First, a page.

Sunday, 15 June 2014

Happy Father's Day to the Men in My Life

I had the greatest dad growing up. All morning my thoughts have been filled with great memories of him:
  • riding in the metal basket on the back of his bike
  • sledding with him on the steep slope where Timpview Highschool now stands
  • watching him build clever carrying cages so I could take various pets to Show-and-Tell
  • watching him till the garden with a big one-wheeled cultivator, plotting out the vegetables mathematically
  • listening to him whistle under his breath and click his tongue as he thought (and he was a powerful thinker)
  • watching him carve a bar of soap into a tiny cage with two balls rattling inside it
  • listening to him play the harmonica, piano, and guitar (sometimes two simultaneously)
  • coming downstairs on a Saturday morning to find classical music on the radio and Dad making waffles in the kitchen
  • Dad helping me with my math homework, always patient even when I bawled and whined
  • seeing my dad dance my mom around the kitchen (they were practicing the Salty Dog Rag for a show)
  • watching him crank the wooden-handled hand mixer when Mom was making bread
  • paddling hard in the front of the canoe, only to turn around and find Dad not paddling, because he'd gotten caught up in observing some wild bird
  • the time Dad compared me to the pear tree growing outside my bedroom window, strong in the sunlight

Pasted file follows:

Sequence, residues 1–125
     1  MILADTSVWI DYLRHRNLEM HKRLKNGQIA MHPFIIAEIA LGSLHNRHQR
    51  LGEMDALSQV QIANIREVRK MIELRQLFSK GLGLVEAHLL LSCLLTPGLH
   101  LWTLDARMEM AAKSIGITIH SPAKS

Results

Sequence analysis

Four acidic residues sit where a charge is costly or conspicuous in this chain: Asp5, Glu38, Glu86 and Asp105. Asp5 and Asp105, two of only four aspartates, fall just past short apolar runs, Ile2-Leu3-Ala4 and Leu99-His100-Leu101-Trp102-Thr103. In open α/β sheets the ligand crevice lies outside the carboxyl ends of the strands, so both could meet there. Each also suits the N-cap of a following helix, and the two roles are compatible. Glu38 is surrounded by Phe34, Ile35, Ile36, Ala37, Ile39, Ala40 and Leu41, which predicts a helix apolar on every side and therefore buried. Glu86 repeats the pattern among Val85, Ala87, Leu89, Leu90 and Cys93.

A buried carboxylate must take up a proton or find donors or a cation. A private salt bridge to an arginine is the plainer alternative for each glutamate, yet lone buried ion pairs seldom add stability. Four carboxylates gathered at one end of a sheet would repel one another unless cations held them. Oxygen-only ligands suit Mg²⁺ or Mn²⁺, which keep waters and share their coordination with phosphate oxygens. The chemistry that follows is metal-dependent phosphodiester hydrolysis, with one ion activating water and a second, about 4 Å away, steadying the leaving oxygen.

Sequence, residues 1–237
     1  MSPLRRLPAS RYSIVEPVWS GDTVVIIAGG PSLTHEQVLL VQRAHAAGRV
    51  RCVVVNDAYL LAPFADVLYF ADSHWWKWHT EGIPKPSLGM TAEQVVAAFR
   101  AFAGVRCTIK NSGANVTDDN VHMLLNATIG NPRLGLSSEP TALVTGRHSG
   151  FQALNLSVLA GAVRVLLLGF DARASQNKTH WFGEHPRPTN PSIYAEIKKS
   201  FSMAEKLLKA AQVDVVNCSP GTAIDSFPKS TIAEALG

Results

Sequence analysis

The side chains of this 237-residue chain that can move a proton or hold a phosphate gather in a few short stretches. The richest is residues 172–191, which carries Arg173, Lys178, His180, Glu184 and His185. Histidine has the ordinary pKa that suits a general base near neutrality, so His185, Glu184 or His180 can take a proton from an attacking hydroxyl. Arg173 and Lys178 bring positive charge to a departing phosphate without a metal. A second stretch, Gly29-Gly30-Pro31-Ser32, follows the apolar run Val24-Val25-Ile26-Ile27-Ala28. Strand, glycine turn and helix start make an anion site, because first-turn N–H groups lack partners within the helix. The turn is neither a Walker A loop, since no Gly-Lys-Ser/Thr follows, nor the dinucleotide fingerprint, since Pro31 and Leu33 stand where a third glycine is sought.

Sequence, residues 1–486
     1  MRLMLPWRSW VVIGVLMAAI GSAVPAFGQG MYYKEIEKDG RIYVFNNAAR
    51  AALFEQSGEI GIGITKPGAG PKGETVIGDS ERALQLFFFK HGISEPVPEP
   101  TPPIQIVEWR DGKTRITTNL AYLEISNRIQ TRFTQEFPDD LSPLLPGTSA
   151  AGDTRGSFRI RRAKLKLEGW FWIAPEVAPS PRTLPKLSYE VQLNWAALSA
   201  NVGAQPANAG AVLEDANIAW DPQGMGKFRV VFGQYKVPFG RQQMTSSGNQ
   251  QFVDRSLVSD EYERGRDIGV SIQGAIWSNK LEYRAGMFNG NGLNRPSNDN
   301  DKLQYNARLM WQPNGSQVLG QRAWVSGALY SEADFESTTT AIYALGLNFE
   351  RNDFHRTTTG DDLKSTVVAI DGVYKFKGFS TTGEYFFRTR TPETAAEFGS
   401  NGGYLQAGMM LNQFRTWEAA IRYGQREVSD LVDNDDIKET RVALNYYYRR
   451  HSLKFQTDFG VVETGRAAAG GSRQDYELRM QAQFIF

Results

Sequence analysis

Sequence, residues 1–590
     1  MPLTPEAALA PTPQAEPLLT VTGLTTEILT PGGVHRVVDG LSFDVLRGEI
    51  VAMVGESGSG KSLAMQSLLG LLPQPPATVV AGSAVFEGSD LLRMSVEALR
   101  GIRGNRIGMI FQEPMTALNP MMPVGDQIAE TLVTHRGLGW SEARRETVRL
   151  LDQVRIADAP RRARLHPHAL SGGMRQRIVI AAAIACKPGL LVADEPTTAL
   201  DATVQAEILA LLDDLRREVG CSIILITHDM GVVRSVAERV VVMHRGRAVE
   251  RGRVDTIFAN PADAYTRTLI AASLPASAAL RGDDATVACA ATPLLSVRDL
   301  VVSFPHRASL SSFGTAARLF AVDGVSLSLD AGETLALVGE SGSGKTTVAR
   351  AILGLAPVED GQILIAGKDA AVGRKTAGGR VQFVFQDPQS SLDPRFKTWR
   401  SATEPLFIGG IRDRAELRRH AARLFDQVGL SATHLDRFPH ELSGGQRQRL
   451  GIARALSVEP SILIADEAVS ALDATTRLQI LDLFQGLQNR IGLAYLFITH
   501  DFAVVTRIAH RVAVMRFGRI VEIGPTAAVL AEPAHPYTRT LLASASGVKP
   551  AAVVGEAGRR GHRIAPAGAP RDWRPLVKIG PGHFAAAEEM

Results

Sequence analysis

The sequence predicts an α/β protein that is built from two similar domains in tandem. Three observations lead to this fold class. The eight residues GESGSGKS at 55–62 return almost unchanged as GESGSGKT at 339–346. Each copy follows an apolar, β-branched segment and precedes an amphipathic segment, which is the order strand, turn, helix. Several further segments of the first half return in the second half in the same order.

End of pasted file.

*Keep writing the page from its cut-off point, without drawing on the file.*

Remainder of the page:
• people bringing us a fruit basket at Christmas because my dad was the Bishop (and for the first time getting an inkling that other people thought my dad was special too).
Now Dad is in England with Mom, serving the Lord on a one-year mission. This is their second mission, the first being in Hungary, and I am continually impressed with their adaptability, humility, and willingness to serve. And not many people would try to tackle learning Hungarian in their 70s! Dad is the type of person who is always curious about the world and eager to learn new things.

When I married I purposely looked for a husband who was a lot like my dad. I wanted someone who could use both his hands and his head, who valued education, someone patient and gentle and devout. And I found such a person. And made him go be interviewed by my dad before I'd agree to marry him. They both survived the event, which told me I was on the right track.

Now I see my son raising his little girl, and I see the same sweetness and gentleness, the same willingness to work hard and do whatever it takes to care for the child entrusted to him. She is building her own memories of her dad, and I believe they will be as treasured as mine.

1 comment:

  1. And I didn't think anybody was paying attention! What a sweet tribute, and I'm still alive! The success a father has is at least half due to the spirit of the child and probably also half due to the mother. It's nice to get some of the credit, though it is largely undeserved. We sure appreciate your thoughts. Love, Dad